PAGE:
CITYWIDE — Bus stop critics, your voices were heard.
Big Blue Bus officials announced Wednesday that they are “modifying the design” of the new bus stops — a response to “customer and constituent concerns.”
“We have received numerous customer requests for additional seating, shade, and comfort and are working with the city’s architect, Public Works Department and project contractors to accommodate these requests as possible,” said BBB Director of Transit Ed King. “While BBB and the city underwent an extensive public engagement process during the design phase for the Bus Stop Improvement Project, making adjustments once the design is built and installed based on customer experience is the mark of a dynamic public engagement effort.”
The Daily Press received dozens of e-mails, phone calls, and letters bashing the new stops, which started popping up around the city in March.
Residents say the new blue modern stops are uncomfortable, that the canopies don’t provide shade, and that they are not easily accessible for people with disabilities. The seat-backs, they say, are too low.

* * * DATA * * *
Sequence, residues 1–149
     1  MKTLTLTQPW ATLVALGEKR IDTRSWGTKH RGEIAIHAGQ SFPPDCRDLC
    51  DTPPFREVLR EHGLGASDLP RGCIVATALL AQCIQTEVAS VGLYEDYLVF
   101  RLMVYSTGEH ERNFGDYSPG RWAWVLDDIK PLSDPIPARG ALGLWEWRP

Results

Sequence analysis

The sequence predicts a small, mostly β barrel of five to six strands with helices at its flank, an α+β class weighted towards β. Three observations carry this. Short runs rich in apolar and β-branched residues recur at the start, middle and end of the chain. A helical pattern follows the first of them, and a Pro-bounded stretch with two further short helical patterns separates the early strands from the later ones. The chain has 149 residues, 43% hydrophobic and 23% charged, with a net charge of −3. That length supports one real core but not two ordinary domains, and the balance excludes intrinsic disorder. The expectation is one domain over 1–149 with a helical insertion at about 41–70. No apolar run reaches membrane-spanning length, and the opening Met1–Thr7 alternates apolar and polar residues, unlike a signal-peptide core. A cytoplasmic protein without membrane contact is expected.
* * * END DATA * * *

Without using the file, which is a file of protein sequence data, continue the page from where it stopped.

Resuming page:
BBB officials plan to add additional seating and “additional or expanded canopies.”
They will add “seating features allowing greater ease of use for riders requiring support to lift themselves up from a seated position, and when necessary, repositioning the seating such that the sightline for riders and drivers alike is not obstructed.”
They are also considering wider seats and higher backs.
The changes will go into effect over the next couple months, BBB officials said.
Installation of a few of the larger bus stops will be expedited to see how residents react. To date, none of the larger stops have been installed.
The total project cost $7 million with 80 percent of that coming from federal grants. The plan was to install 302 bus stops over the course of about two years.
The Daily Press wrote about residents’ frustrations last week. In the article, BBB officials explained some of the logic behind the designs. The canopies are meant to be artistic, they said, and provide shade during the peak ridership periods. The seat placement, they said, was meant to allow riders to see arriving buses. The seats, they acknowledged, could get uncomfortable if used for a long period of time.
“We believe when customers see the full scope of the project installed, there will be a greater understanding of seat and canopy configurations at each stop based on the volume of ridership,” King said Wednesday. “We appreciate the customer feedback as it has contributed to improving the design.”